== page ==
Critic Consensus: Paz Vega shines, and Adam Sandler gives a performance of thoughtfulness and depth, but Spanglish is ultimately undermined by sitcommy plotting and unearned uplift.
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as John Clasky
as Deborah Clasky
as Flor Moreno
as Evelyn Norwich
as Cristina (age 6)
as Flor's Husband
as Mike the Realtor
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Critic Reviews for Spanglish
There are signs that a lot has been cut, and in trimming his film Brooks may have squeezed too tight: his movie needs breathing space.
This is Hollywood liberal humanism as muted join-the-dots melodrama, all carefully calculated colouring, broad outlines, and no room for fruitful digression.
Vega radiates effortless strength and charm in her first Hollywood role, and Sandler proves to be a gratifyingly unpredictable leading man, self-effacing one moment and hilariously emphatic the other.
Brooks' championing of good old-fashioned family values feels hopelessly nave and frankly unconvincing.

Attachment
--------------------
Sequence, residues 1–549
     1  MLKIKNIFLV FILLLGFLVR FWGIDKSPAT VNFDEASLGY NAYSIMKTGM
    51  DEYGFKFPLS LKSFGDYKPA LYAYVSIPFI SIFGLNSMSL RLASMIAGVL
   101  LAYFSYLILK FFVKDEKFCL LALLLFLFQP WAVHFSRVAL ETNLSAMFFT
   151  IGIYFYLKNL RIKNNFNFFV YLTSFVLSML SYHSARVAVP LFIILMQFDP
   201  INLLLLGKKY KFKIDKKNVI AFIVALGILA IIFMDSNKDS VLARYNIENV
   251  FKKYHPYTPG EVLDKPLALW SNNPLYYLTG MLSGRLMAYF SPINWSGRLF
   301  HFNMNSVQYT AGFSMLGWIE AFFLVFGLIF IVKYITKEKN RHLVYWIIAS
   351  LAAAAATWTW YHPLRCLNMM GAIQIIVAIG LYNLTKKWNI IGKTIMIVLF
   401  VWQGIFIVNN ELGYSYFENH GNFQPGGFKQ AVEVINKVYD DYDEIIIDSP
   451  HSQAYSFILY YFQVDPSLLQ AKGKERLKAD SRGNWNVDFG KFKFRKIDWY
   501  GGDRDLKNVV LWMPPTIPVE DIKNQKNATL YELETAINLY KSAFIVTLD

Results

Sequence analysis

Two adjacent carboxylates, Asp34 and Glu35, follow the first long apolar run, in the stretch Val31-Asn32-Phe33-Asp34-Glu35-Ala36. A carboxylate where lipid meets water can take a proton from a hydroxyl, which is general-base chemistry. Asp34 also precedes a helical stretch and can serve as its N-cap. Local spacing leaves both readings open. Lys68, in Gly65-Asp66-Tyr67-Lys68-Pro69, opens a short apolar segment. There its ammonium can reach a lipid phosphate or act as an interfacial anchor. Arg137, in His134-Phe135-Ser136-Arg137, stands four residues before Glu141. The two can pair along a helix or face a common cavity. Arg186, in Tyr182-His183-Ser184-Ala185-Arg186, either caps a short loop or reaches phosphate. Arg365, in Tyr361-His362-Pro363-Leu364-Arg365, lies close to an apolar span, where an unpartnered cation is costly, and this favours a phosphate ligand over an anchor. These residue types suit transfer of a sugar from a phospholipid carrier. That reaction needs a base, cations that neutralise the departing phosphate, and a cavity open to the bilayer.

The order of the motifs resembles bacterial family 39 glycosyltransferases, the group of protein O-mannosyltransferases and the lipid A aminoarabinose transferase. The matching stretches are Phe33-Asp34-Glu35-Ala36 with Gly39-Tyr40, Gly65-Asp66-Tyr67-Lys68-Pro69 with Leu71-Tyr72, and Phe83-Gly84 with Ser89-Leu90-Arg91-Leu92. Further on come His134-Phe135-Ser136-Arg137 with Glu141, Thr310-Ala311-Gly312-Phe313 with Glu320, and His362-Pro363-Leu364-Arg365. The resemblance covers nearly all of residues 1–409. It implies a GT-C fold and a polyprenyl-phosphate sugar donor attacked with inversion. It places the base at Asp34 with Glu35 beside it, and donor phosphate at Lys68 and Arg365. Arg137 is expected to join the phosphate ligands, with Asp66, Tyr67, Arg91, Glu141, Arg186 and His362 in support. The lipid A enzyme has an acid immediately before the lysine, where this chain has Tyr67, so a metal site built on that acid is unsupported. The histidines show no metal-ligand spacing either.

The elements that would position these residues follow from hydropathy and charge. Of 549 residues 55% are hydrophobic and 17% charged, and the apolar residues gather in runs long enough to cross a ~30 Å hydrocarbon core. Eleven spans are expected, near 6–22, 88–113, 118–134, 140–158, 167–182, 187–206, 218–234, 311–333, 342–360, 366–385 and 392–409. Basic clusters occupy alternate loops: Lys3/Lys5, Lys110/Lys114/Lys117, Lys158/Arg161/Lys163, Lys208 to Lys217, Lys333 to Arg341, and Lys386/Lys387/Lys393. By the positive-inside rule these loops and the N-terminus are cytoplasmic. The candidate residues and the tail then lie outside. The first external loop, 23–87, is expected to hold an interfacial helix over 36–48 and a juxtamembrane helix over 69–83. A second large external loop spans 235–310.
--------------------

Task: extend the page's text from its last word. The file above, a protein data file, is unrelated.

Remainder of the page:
The film gets better as it goes along ... and all the characters, including Deborah, become more interesting and appealing as we get to know them better.
Audience Reviews for Spanglish
An interesting ensemble piece with wonderful performances by all concerned. One of Sandler's best, Leoni a diamond of neediness, Leachman ... one of my all time favs, and Vega perhaps the strong center of the film as, of all things, the Mexican maid (what, they couldn't find any Mexicans in L.A. to play a Mexican?). Although it lacks something ... maybe ... it's still better than most cut-and-dried romcoms.
"Spanglish" is the lesser of James L. Brooks' directorial efforts mainly because he is trying so obviously for cultural commentary. His films are better when he is showing a character's nuance objectively ("As Good As It Gets"). While "Spanglish" is not a bad film by any stretch of the imagination, it just does not go as far as it should. It's narrative is hindered by the way it's delivered and it unfortunately keeps us at a bit of an arms length from the characters. I enjoyed all the performances, especially Tea Leoni for being so aggressively unlikable, but in the end, you never have much to truly tether yourself to.
The ever amazing dramatic performance of Sandler, the desperaging Leoni, and the foolhard Vega all work in tandem very well.
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